Lawmakers file bill that could reduce size of Nashville’s Metro Council

In Nashville, there are 40 members on the metropolitan council.
Metro Council
Metro Council(WSMV)
Published: Jan. 9, 2023 at 1:23 PM CST
Email This Link
Share on Pinterest
Share on LinkedIn

NASHVILLE, Tenn. (WSMV) – Tennessee Rep. William Lamberth, R-Portland, and Senate Finance Chairman Bo Watson, R-Hixson, filed legislation Monday that aims to reduce the number of politicians in metropolitan governments.

The Small Government Efficiency Act, or House Bill 48, wants to “rein in” excessive government growth by reducing the maximum size of metropolitan and municipal legislative bodies in Tennessee to no more than 20 voting members, according to House Republican Caucus press secretary Jennifer Easton.

In Nashville, there are 40 members on the metropolitan council.

“When government grows beyond a certain size, it hinders economic growth, taxes are inevitably raised and the standard of living for the average citizen is diminished,” Lamberth said in a statement. “Government functions best closer to the people. This legislation will strengthen local democracy and competency by improving the ability of local elected leaders to effectively represent their communities.”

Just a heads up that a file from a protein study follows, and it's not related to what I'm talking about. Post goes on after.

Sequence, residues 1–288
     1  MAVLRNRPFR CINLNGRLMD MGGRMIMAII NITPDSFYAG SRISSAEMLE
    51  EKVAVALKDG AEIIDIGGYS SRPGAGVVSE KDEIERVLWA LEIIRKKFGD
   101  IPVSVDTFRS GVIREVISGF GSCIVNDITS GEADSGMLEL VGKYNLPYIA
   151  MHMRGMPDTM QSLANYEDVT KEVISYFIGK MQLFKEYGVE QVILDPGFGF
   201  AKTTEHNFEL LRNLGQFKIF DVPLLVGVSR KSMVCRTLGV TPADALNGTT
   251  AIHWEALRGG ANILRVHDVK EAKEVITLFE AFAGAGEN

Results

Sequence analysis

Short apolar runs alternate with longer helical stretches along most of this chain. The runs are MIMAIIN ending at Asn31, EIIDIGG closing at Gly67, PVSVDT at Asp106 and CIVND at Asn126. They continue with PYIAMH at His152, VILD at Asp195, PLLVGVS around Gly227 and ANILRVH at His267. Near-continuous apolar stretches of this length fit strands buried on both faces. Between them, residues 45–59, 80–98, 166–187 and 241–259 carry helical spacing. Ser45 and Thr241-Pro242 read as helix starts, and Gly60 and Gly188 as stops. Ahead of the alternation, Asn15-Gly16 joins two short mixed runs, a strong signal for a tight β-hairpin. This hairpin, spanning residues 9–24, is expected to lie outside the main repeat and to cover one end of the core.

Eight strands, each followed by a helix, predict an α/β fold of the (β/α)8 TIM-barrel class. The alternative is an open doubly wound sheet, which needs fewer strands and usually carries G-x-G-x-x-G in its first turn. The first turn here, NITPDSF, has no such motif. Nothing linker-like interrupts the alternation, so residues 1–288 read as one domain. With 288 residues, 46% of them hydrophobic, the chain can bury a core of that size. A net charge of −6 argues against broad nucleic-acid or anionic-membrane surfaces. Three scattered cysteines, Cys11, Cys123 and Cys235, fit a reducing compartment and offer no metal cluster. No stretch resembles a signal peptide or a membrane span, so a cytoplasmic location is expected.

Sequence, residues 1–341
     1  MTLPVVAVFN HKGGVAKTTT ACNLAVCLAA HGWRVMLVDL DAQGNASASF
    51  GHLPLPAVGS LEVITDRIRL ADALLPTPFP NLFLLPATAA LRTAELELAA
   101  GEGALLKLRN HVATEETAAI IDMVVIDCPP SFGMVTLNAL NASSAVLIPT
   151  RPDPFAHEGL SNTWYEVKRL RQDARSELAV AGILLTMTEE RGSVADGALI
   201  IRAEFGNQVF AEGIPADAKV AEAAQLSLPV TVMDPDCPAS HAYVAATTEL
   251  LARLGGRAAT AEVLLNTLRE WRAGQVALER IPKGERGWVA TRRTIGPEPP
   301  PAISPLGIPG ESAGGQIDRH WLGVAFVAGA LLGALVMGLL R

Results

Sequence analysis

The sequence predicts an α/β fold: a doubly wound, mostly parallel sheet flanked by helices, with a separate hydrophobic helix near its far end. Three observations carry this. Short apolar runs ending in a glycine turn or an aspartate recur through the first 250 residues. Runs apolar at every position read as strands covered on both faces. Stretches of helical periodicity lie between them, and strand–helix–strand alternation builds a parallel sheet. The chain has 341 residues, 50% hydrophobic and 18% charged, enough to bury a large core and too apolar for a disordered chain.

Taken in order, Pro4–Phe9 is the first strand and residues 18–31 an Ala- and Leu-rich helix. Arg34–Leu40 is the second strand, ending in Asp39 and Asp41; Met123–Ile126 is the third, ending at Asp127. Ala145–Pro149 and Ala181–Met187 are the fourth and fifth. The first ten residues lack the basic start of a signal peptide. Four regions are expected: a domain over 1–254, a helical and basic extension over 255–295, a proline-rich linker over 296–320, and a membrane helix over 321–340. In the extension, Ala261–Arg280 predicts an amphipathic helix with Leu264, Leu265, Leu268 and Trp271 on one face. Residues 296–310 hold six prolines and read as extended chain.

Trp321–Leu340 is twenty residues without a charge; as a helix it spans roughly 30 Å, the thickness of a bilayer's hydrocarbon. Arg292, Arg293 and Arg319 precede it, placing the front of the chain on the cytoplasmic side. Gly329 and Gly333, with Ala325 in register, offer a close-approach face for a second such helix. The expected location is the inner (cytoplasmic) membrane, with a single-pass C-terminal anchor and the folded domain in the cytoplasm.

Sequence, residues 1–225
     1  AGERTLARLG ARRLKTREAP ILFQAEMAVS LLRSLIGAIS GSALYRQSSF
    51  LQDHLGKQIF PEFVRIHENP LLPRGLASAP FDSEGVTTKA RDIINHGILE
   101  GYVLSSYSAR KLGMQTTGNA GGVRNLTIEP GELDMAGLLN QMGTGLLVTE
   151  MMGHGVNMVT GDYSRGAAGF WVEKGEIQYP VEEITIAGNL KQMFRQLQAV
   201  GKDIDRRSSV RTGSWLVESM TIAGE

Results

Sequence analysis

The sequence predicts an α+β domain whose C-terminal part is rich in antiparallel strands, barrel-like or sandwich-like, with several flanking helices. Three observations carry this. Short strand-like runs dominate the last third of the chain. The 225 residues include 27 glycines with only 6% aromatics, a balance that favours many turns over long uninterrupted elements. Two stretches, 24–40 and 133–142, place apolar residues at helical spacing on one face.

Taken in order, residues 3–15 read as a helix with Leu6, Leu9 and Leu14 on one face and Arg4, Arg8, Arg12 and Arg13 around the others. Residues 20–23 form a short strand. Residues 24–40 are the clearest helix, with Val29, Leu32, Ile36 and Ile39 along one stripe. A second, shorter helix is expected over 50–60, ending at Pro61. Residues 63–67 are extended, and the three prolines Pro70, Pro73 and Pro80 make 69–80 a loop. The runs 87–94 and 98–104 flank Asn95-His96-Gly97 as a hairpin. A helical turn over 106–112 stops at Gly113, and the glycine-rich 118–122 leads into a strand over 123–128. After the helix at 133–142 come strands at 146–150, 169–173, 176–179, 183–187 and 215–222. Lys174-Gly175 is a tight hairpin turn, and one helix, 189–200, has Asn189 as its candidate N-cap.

Local government bodies exceeding 20 voting members would be required to dissolve and re-appropriate current districts using the latest federal U.S. Census data to ensure equal representation based on population, according to Easton.

“Local government bodies need to be a size that allows them to function efficiently and effectively without compromising their duty to represent the people,” Watson said.

Mayor John Cooper released the following statement regarding the proposed bill:

“As recently as 2015, Nashville residents voted by a nearly two-thirds margin to keep Metro Council at 40 members. Far from strengthening local democracy, today’s legislation undermines the will of Nashville voters and effective local governance. Contrary to claims by our state colleagues, this Metro Council has successfully facilitated historic accomplishments for our city – including record investments in education, enhanced support for our first responders and major economic development agreements that will directly benefit the state’s economy. Nashville is the engine of the state’s economy and the envy of cities across the country, and that success has been built with Metro’s 60 years of good governing by our 40-person Council.”

The 113th Tennessee General Assembly convenes on Jan. 10.